Looking at the overall value of the set or the prices paid for Mickey Mantle rookie cards can scare some people off, but it’s possible to collect 1952 Topps baseball cards and not dip into your retirement account.
No matter if you decide to piece together as much of the set as you possibly can or just certain elements, there’s no need to avoid chasing what may be one of the most satisfying and challenging experiences you’ll have.
If you look at cards that have been professionally graded as VG-EX (4) or EX (5), you’ll note that many are very pleasing to the eye. If I were starting to collect the set and had a limited budget, that’s the condition range I’d probably pursue. Yes, it’s possible to acquire the set much faster by going after lower grade cards, but I still prefer to not have my cards full of creases, badly rounded corners or other issues. It’s such an attractive set that it seems a shame not to be at least a little particular—at least with the commons and minor stars.
1952 Topps cards are oversized and prone to condition issues, but by shopping around carefully, and focusing on graded cards, you can eliminate some of the guesswork and build a collection worth collecting and displaying. Some collectors shy away from mid-grade cards and “4”, “5” and even “6” graded examples often sell for well below the established price guide value. You may not find huge bargains among the high numbers because of competition, but start with the first three series and you’ll build a nice grouping.
Buying graded or ungraded in lots via auction is a smart way to build too. Just be sure you ask questions about the grade of the cards if it’s a concern to you. Many collectors try to build a set and give up, figuring it’s a lost cause. Jump on those lots (you can find some here) and you’ll often get a good deal.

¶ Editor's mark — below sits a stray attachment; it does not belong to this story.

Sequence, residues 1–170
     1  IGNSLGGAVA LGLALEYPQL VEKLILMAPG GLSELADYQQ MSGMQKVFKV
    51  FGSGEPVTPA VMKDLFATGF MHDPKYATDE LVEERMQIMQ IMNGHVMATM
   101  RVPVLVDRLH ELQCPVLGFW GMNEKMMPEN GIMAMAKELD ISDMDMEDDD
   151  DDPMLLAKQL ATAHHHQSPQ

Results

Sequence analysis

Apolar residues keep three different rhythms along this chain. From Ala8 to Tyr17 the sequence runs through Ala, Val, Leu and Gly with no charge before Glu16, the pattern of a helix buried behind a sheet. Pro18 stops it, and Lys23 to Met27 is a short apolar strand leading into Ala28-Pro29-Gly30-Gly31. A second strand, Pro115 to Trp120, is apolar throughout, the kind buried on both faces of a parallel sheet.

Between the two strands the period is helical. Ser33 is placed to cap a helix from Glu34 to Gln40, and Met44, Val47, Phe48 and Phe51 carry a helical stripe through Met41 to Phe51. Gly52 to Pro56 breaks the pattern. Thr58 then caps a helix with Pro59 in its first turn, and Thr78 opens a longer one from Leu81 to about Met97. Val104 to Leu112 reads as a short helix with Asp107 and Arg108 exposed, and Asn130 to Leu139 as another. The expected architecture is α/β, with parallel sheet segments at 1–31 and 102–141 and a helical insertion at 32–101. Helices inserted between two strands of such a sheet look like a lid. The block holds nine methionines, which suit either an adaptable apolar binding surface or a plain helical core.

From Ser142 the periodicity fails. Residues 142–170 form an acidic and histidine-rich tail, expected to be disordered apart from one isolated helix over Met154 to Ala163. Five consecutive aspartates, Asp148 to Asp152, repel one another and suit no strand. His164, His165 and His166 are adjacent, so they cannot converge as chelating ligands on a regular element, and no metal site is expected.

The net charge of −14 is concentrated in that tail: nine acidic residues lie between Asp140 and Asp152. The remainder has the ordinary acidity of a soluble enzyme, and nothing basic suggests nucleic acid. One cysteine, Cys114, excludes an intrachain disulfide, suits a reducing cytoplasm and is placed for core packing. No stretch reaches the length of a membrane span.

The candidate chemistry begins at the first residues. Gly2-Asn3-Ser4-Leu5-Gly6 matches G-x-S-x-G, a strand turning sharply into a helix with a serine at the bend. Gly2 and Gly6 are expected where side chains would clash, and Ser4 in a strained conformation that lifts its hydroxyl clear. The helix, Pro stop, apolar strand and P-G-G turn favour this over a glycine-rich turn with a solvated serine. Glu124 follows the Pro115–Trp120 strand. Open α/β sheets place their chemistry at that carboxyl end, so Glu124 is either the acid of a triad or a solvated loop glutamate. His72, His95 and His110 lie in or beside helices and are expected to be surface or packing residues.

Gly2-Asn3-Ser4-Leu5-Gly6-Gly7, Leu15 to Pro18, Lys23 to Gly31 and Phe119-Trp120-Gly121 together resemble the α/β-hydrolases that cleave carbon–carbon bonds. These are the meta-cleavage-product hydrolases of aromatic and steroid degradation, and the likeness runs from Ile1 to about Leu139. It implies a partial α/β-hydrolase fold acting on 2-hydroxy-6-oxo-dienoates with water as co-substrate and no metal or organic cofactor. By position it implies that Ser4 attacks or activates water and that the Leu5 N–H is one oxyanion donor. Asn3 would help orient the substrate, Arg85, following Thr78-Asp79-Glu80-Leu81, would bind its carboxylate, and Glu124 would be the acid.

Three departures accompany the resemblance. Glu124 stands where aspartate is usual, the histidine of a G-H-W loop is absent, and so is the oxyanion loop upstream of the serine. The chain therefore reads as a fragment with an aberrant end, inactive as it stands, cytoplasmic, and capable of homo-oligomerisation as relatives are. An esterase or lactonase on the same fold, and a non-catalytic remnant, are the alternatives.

If collecting the complete set just isn’t in the cards (sorry), you can always decide to just enjoy building a team set, a collection of affordable Hall of Famers like Richie Ashburn or Monte Irvin or you can get a little more creative and use the set to tell the story of the season.
Cards of the MVPs of the 1952 season are pretty reasonable. Bobby Shantz was the AL MVP and Hank Sauer of the Cubs won the NL award for a great year at the plate. Both can be found in EX to NM condition for under $100. Carl Erskine and Virgil Trucks threw no-hitters in ’52 and their cards are also reasonably priced. Robin Roberts was the Player of the Year and Ferris Fain led the AL in hitting. Bob Feller’s ’52 Topps card is very reasonably priced. The Hall of Famer threw a 1-hitter in 1952—and lost 1-0 to Bob Cain who did the same. Click here to see their cards on eBay.
1952 Topps cards really mark the dawn of modern baseball card collecting history and just holding a few in your hand is a lot of fun when you think about what they represent. The set is a landmark but it doesn’t have to be strictly for guys with a lot of discretionary income.